Local Water Quality Saluted n National Beach Report

BERLIN – While many American beaches have polluted, unhealthy water, the Ocean City and Assateague beaches showed no reports of contaminants in local ocean waves, according to a national report released this week.

“Everyone works very hard to keep it that way, even with 300,000 people visiting,” said Shelly Dawson, chair of the local Surfrider Foundation.

Overall, Maryland was listed as eighth in the United States for beach water quality, including Ocean City and Assateague beaches, as well as two beaches at Sandy Point State Park in Anne Arundel County and the beach at Point Lookout State Park in St. Mary’s County.

Nearby beaches in Delaware and Virginia also got extremely high ratings for beach water quality in the report.

Ocean City’s beaches have received high marks for water quality over the last few years, the frequency of testing and promptly posting advisories when necessary on the beaches themselves and on the Internet.

One Ocean City beach site was awarded a five-star rating in the National Resources Defense Council (NRDC) annual “Testing the Waters: A Guide to Water Quality at Vacation Beaches” report.

Worcester County ocean beaches posted no exceedances of ocean water health standards in 2008, meaning that any contamination levels were below the acceptable limts.

“The community’s become aware of the gold mine we sit in,” said Dawson. “We realized a long time ago that without that surf zone and without that clean sandy beach we would not have the economic machine.”

Assateague Coastkeeper Kathy Phillips said, “Oceanfront beaches in Maryland continue to receive high marks in this annual report. Fortunately for Ocean City, but not for our coastal bays, all of the city’s stormwater runoff drains directly to the bays and not to the ocean. Ocean City’s treated wastewater is pumped through a pipe into the ocean far offshore, so inshore monitoring consistently reveals very low levels of contamination.”

Local beaches are bucking the nationwide trend, which shows, according to the report, that the water at many American beaches is polluted with contaminants that pose a health threat to swimmers.

Across the nation, 7 percent of beach water samples violated health standards in 2008, but Maryland beaches decreased from 7 percent violations in 2007 to 2 percent in 2008.

Worcester County ocean beaches showed zero violations in 2008.

“I would expect it to be good, and continue to be good,” said Dave Wilson, director of the Maryland Coastal Bays Program.

“The fact it’s an economic machine will help protect it,” said Dawson.

Worcester County’s overall rating was not so stellar in the 2007 report, which showed a 40-percent exceedance rate in the county.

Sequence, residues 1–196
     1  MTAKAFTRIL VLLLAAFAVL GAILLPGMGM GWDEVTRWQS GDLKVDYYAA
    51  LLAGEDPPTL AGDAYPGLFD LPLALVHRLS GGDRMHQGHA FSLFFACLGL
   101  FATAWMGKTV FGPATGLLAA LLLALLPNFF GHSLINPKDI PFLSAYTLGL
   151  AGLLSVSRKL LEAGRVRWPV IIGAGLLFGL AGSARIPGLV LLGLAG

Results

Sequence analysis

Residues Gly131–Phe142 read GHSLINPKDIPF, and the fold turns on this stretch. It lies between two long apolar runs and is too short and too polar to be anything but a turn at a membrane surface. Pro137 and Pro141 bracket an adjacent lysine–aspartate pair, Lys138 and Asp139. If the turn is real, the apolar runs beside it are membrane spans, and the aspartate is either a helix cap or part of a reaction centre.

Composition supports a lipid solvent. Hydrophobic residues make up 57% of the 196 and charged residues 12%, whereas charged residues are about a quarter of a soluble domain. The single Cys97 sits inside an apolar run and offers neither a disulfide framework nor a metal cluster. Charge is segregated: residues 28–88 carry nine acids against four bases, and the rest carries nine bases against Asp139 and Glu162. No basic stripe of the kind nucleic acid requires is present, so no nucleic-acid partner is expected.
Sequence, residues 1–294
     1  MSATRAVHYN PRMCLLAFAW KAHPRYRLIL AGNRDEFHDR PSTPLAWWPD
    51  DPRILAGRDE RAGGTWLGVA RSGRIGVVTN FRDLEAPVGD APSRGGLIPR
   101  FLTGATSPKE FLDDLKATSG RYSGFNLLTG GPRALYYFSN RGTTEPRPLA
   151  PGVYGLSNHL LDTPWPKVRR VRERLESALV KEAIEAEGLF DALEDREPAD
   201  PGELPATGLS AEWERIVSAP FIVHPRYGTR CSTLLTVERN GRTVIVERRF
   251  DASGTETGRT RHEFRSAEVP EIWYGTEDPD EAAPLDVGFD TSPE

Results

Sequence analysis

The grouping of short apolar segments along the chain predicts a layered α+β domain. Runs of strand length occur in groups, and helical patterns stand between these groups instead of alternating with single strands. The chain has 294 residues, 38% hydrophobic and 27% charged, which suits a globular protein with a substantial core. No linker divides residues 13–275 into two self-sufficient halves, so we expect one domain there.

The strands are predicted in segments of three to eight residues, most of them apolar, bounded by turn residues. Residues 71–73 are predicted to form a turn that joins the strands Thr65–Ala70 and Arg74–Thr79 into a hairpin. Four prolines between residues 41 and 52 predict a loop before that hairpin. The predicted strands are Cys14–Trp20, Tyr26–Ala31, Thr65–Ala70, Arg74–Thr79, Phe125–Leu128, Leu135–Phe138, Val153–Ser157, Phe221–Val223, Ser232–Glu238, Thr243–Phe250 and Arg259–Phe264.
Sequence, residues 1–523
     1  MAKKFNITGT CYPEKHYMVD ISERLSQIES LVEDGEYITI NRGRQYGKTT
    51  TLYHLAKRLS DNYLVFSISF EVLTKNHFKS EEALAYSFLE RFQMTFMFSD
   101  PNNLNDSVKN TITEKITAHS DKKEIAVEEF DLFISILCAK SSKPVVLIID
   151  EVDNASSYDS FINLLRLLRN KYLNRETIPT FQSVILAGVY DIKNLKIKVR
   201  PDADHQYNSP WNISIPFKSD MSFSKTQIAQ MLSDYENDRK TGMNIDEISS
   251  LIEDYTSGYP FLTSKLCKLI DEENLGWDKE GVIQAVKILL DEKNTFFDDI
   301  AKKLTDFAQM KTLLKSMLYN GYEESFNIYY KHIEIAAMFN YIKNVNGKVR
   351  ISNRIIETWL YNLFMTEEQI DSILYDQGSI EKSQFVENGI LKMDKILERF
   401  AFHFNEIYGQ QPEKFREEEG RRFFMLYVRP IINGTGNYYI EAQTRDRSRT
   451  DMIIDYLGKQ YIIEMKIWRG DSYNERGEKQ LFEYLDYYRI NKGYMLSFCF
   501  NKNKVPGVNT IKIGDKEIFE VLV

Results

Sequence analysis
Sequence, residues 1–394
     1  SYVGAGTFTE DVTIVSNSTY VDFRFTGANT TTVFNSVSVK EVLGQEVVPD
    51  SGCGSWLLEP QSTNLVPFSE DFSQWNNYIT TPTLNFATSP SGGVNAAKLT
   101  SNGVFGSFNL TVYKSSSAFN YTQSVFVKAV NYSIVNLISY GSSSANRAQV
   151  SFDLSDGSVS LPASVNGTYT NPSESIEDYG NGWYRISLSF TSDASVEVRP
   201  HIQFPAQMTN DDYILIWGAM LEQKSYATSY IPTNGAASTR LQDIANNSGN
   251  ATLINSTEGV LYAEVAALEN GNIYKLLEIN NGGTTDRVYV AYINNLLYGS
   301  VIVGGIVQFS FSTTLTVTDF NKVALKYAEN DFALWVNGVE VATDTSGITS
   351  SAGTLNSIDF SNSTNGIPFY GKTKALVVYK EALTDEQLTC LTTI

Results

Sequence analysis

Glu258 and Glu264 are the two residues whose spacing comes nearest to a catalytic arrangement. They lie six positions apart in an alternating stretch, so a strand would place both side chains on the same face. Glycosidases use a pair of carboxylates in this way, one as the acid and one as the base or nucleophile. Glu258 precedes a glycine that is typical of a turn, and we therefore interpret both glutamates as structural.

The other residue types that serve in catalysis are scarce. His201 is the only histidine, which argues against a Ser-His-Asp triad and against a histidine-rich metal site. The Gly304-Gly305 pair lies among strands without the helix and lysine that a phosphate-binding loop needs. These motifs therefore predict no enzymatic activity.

The reduction came from a the elimination of part of the Public Landing pier swimming site, east of Snow Hill, from the testing sites considered for the NRDC report. Only samples from the cleaner water towards the end of the pier were used. This reduced the exceedance rate at that site by half.

“That 19 percent was still a high percentage of unsafe swimming days. Last year the county moved forward to implement better stormwater management practices at the Public Landing swimming pier parking lot, installing a new vegetated buffer between the parking lot and Chincoteague Bay,” said Phillips.

One in five swimming days at Public Landing last year the water was too contaminated for swimming, Phillips pointed out.

The NRDC report does not include testing for health contaminants in the coastal bays.

One of the reasons the ocean waters bordering Assateague and Ocean City are so healthy is the buffering effect of the coastal bays, which are the first stop for most county run-off.

“Most of everything drains into the coastal bays and not into the ocean,” said Wilson.

The coastal bays do carry more bacteria than local ocean waters, but little bacteria testing is done because of the expense and due to the focus on water quality indicators that impact the flora and fauna.

“It’s hard to say without good numbers whether there’s a serious bacteria issue in the coastal bays,” Wilson said.

If there is a problem, that would be closer in to the shore and not in more open bay waters, officials indicate.

While the coastal bays are not often used for swimming, although there are some who do, the bays are heavily used for recreational boating, fishing and personal watercraft.

“Would I go swim in the bay? Of course I would,” said Wilson.